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2011 WAI Pioneer Hall of Fame
The Women in Aviation, International Pioneer Hall of Fame was established in 1992 to honor women who have made significant contributions as record setters, pioneers, or innovators. Special consideration is given to individuals or groups who have helped other women be successful in aviation or opened doors of opportunity for other women. Each year, the organization solicits nominations from throughout the aviation industry for the WAI Pioneer Hall of Fame.
The Pioneer Hall of Fame Inductees for 2011 are:Dr. Peggy Chabrian
Dr. Peggy Chabrian is President and Founder of Women in Aviation, International. She has grown the organization from its first conference attended by 150 people in 1990 to an organization representing thousands of women in all aspects of aviation today. She is a multi-thousand hour commercial pilot as well as a rotary-rated pilot and flight instructor who has been flying for more than 20 years.
Prior to her founding Women in Aviation, International, she held several top positions in aviation education including Academic Dean and Associate Vice President of Parks College; Dean of Academic Support for Embry-Riddle Aeronautical University's Prescott, Arizona campus; Director of the Center of Excellence for Aviation/Space Education at ERAU's Daytona Beach campus; and Department Chair of the aviation department at Georgia State University in Atlanta, Georgia.
L. Tammy Duckworth
L. Tammy Duckworth serves as the Department of Veterans Affairs Assistant Secretary for Public and Intergovernmental Affairs. As Assistant Secretary, Duckworth advises the Secretary of Veterans Affairs on matters relating to media and public affairs. Duckworth served as the Director of Illinois Department of Veterans' Affairs from 2006-2008. A Major in the Illinois Army National Guard, Duckworth served in Iraq as an Assistant Operations Officer and also flew combat missions as a Black Hawk helicopter pilot.
During a mission north of Baghdad in 2004, a rocket-propelled grenade struck the helicopter she was co-piloting. As a result of the attack, Duckworth lost both of her legs and partial use of one arm. She received many decorations for her actions, including the Purple Heart, the Air Medal, and the Combat Action Badge. In 2008 and 2009, she completed the Chicago Marathon, fulfilling a promise made at Walter Reed. She has also resumed flying as a civilian pilot.
Lt. Gen. Susan J. Helms
Lt. Gen. Susan J. Helms is Commander, 14th Air Force (Air Forces Strategic), Air Force Space Command; and Commander, Joint Functional Component Command for Space, U.S. Strategic Command at Vandenberg Air Force Base in California. She is directly responsible to the USSTRATCOM Commander for the development and implementation of national security policy and guidance and responsible for the development of the nation's strategic war plan, strategic support plans for combatant commanders and contingency planning for the global strike mission. She has served as an F-15 and F-16 weapons separation engineer and a flight test engineer.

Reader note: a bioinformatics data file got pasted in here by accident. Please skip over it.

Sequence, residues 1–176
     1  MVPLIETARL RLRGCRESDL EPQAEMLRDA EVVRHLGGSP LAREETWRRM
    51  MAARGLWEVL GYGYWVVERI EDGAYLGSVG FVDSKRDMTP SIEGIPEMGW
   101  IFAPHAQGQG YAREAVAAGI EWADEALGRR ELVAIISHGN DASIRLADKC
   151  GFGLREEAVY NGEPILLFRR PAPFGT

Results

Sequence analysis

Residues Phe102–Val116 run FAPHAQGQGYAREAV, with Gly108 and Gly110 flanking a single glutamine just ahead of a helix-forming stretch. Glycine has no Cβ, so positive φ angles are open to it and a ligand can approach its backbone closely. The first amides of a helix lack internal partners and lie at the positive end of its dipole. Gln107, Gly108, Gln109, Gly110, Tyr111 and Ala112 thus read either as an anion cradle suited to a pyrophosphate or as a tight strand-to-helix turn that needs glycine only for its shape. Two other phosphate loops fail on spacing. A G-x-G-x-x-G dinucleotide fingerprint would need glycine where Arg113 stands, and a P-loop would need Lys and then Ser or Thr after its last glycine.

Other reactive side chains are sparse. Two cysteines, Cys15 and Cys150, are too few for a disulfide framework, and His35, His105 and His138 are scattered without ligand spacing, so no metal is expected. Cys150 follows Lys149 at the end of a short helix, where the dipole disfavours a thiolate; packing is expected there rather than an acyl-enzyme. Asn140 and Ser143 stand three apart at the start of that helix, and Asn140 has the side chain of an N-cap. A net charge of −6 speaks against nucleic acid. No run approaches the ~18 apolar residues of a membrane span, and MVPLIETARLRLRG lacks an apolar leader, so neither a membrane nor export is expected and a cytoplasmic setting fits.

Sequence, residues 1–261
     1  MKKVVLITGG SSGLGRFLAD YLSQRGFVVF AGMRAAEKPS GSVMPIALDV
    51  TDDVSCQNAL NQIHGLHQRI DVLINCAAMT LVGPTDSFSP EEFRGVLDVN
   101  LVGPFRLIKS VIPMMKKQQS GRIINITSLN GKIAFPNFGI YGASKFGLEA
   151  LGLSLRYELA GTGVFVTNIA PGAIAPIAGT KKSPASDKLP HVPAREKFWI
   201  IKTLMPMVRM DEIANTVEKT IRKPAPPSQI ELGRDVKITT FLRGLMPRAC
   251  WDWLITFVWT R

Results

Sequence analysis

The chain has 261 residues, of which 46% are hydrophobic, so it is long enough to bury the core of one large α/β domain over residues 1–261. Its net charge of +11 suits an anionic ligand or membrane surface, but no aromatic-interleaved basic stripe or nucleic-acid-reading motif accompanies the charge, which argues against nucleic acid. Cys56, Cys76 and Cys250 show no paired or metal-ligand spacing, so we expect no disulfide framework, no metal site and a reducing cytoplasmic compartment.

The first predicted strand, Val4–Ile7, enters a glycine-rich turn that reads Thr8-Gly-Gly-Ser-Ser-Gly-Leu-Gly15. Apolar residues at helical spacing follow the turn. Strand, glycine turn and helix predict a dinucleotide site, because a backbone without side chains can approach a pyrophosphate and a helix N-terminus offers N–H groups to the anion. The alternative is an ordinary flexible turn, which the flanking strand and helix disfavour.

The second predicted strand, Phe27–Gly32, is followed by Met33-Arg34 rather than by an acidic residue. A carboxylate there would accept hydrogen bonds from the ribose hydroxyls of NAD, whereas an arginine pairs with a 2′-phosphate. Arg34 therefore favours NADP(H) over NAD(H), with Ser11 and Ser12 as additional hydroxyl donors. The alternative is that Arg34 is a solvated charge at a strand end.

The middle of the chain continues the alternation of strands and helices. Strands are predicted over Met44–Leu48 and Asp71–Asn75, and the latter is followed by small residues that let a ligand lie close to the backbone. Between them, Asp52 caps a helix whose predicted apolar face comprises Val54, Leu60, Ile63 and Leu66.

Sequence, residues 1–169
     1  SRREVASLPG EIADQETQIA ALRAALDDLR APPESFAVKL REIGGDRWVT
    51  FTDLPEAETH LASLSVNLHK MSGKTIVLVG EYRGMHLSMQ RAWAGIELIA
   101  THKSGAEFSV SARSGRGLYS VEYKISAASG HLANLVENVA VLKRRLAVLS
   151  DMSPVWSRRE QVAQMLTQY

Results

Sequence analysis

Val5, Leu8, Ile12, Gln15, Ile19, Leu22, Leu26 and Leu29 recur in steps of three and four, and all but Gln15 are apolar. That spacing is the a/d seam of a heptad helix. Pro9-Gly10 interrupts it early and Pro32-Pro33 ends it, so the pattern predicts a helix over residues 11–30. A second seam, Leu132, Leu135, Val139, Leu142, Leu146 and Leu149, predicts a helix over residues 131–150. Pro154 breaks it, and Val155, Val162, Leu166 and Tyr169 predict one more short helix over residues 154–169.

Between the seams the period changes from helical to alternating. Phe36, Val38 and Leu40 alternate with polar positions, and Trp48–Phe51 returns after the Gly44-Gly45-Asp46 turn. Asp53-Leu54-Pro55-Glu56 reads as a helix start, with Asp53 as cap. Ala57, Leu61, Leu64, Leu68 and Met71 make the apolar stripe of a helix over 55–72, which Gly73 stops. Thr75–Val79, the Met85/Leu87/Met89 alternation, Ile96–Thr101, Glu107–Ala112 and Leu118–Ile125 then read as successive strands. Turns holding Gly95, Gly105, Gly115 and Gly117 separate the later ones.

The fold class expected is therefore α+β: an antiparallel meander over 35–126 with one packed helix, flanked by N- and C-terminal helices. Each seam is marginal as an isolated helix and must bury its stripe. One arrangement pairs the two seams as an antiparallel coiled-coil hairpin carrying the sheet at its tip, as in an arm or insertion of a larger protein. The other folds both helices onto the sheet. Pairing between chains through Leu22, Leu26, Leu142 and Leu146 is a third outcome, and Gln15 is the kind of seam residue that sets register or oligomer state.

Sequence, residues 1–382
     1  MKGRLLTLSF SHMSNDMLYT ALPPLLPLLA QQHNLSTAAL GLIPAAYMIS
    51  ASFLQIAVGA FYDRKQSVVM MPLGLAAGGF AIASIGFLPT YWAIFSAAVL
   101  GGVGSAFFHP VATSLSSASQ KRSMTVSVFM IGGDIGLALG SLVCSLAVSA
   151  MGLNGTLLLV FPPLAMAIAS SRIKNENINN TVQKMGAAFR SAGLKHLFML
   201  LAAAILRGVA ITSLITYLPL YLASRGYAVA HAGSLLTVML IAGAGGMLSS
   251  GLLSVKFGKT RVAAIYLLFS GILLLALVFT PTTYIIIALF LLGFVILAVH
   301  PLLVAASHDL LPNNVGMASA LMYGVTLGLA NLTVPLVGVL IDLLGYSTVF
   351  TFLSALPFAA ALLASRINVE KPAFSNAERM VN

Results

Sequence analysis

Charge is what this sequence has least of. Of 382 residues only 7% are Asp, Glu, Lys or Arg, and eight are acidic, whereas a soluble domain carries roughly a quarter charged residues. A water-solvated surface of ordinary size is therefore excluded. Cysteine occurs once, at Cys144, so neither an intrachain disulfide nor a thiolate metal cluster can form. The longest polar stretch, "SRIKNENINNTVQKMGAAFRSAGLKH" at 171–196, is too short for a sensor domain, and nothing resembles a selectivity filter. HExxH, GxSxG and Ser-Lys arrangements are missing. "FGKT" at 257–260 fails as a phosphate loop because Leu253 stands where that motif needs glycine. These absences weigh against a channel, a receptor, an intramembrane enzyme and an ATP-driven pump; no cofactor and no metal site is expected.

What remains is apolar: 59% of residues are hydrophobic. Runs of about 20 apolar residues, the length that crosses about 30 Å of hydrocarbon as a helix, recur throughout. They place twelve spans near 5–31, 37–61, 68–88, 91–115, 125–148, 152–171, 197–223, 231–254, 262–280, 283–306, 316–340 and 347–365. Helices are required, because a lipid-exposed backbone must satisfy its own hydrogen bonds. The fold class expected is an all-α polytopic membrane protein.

Selected by NASA in January 1990, General Helms became an astronaut in July 1991. On Jan. 13, 1993, then an Air Force major and a member of the space shuttle Endeavour crew, she became the first U.S. military woman in space. She flew on STS-54 (1993), STS-64 (1994), STS-78 (1996) and STS-101 (2000), and served aboard the International Space Station as a member of the Expedition-2 crew (2001). A veteran of five space flights, General Helms has logged 211 days in space, including a spacewalk of eight hours and 56 minutes, a world record.
Hazel Ying Lee
Hazel Ying Lee took her first flight in 1932, at the age of 19, becoming one of the first Chinese-American women to earn a pilot’s license. Following the Japanese attack on China, Lee journeyed to China and volunteered to serve in the Chinese Air Force. Rejected because she was a woman, she settled in Canton and took a job in commercial aviation. Fleeing before the Japanese advance to China, Lee returned to the United States in 1938.
Responding to the call of Jacqueline Cochran, Lee joined the Women Airforce Service Pilots (WASP) in 1943. In 1944, she became part of Class 44-18 Flight B, flying P-63s, P-51s (her favorite) and P-39s. She was killed in a P-63 accident on November 25, 1944. Lee was the first Chinese-American woman to fly for the United States military and the first Chinese-American woman to die in service to her country.
Mary Anna Martin Wyall
Mary Anna Martin Wyall was accepted in the WASP in May 1944 in class 44-W-10 and was part of the last graduating class in December 1944. As a WASP, she flew AT-6s, BT-13s and PT-17s. Post-war, she continued in aviation as a ferry pilot, flight instructor and owner of an aircraft charter business C&E Aviation.
Wyall has been instrumental in the preservation of WASP history. For 45 years, she personally maintained the WASP history in scrapbooks in her home and sought out the personal stories and memorabilia of other WASP. Wyall served as the unofficial WASP Historian until the WASP documents and artifacts were made part of the Special Collections Department of Texas Woman's University in 1992.